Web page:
Monday, 15 August, 2016 | 09:00 | Defense

Tomáš Lichard: “Essays on Public Finance”

Dissertation Committee:
Jan Hanousek (chair)
Randall K. Filer
Peter Katuščák
Sergey Slobodyan


This dissertation analyzes two presently widely discussed topics in Public Finance: relationship between the shadow economy and tax policy, and the effect of financial transaction taxes on the functioning of financial markets.

The first chapter describes presently used estimators of the size of the shadow economy, with a focus on microeconomic estimators. It illustrates problems with assumptions that a vast majority of recent studies use to identify underreporting (mainly the comparison of employed and self-employed) using data from four transition economies as an example. It shows that the most common assumption, that self-employed evade whereas employees do not is probably too strict in less compliant economies, where even employees have opportunities to evade through e.g. under-the-table wages or by moonlighting at unreported jobs.

The second chapter develops an estimator of unreported income that relaxes some of these strict assumptions. Assuming only that tax-evading households have a higher consumption-income gap than non-evaders in surveys, an endogenous switching model with unknown sample separation enables the estimation of both the probability of hiding income and the expected amount of unreported income for each household. Using data from Czech and Slovak household budget surveys, we find the size of the shadow economy to be substantially larger than estimated using other techniques. These results are robust under a number of alternative specifications. Furthermore, we show that since the share of underreported income decreases with income level, true income inequality in these countries is lower than suggested by the reported income.

In the third chapter we analyze the tax evasion response to the introduction of the flat tax in several transition economies. Using the estimator from the previous chapter, we show that in majority of studied countries there was no discernible effect of the flat tax reform on the size of the shadow economy. We argue that this finding is consistent with the tax morale story, as satisfaction with public services and with countries' development in general declined in these countries.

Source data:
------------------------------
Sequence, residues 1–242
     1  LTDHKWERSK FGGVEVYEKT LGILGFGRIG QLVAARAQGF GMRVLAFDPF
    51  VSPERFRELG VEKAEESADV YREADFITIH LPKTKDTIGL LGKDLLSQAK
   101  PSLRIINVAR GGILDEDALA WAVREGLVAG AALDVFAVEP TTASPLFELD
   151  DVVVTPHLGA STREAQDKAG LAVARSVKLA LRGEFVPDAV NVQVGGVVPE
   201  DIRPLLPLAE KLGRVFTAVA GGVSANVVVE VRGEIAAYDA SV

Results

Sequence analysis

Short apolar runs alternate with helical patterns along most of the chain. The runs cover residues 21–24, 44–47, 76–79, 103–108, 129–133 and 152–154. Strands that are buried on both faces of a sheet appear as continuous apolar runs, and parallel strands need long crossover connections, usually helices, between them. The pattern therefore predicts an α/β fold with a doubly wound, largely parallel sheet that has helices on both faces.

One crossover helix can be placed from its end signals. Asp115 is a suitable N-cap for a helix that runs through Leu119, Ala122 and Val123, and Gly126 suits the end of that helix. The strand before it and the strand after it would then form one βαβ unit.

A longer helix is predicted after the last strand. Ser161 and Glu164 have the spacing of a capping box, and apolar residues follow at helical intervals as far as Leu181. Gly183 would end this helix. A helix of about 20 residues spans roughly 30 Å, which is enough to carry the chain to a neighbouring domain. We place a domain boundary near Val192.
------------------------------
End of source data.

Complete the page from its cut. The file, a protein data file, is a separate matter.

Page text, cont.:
The fourth chapter focuses on financial transaction taxes (FTTs), which have returned to spotlight since the recent economic crisis as a possible means to offset negative risk externalities. However, up-to-date academic research does not provide sufficient insights into the effects of transaction taxes on financial markets, as the literature has heretofore been focused too narrowly on Gaussian variance as a measure of volatility. In this paper, we argue that it is imperative to understand the relationship between price jumps, Gaussian variance, and FTTs. While Gaussian variance is not necessarily a problem in itself, the non-normality of return distribution caused by price jumps affects not only the performance of many risk-hedging algorithms but directly influences the frequency of catastrophic market events. To study the relationship between FTTs and price jumps, we use an agent-based model of financial markets. Its results show that the relationship is intricate, as the volatility as measured by the standard deviation of prices may rise with increasing tax rate, while, at the same time, the measure of price jumps goes down. This result implies that regulators may face a trade-off between overall variance and price jumps when designing optimal tax.

Full Text: “Essays on Public Finance” by Tomáš Lichard